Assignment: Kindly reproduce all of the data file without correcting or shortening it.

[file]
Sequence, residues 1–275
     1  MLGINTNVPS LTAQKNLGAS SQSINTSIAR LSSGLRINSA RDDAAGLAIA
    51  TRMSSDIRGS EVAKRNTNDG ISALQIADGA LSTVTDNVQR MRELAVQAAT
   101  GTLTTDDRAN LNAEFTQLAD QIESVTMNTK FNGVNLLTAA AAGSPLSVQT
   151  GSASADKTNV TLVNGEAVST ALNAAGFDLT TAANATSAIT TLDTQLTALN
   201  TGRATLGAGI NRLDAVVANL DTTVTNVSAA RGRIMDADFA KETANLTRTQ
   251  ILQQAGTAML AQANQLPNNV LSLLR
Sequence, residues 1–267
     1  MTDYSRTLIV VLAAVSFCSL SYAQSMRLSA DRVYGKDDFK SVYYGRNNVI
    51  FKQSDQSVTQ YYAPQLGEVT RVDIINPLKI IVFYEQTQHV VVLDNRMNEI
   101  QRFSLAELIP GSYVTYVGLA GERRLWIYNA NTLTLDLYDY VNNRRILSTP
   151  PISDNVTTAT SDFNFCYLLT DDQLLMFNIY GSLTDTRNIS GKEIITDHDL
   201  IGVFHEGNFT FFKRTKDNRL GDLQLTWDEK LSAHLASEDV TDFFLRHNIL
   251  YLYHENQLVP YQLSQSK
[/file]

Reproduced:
Sequence, residues 1–275
     1  MLGINTNVPS LTAQKNLGAS SQSINTSIAR LSSGLRINSA RDDAAGLAIA
    51  TRMSSDIRGS EVAKRNTNDG ISALQIADGA LSTVTDNVQR MRELAVQAAT
   101  GTLTTDDRAN LNAEFTQLAD QIESVTMNTK FNGVNLLTAA AAGSPLSVQT
   151  GSASADKTNV TLVNGEAVST ALNAAGFDLT TAANATSAIT TLDTQLTALN
   201  TGRATLGAGI NRLDAVVANL DTTVTNVSAA RGRIMDADFA KETANLTRTQ
   251  ILQQAGTAML AQANQLPNNV LSLLR
Sequence, residues 1–267
     1  MTDYSRTLIV VLAAVSFCSL SYAQSMRLSA DRVYGKDDFK SVYYGRNNVI
    51  FKQSDQSVTQ YYAPQLGEVT RVDIINPLKI IVFYEQTQHV VVLDNRMNEI
   101  QRFSLAELIP GSYVTYVGLA GERRLWIYNA NTLTLDLYDY VNNRRILSTP
   151  PISDNVTTAT SDFNFCYLLT DDQLLMFNIY GSLTDTRNIS GKEIITDHDL
   201  IGVFHEGNFT FFKRTKDNRL GDLQLTWDEK LSAHLASEDV TDFFLRHNIL
   251  YLYHENQLVP YQLSQSK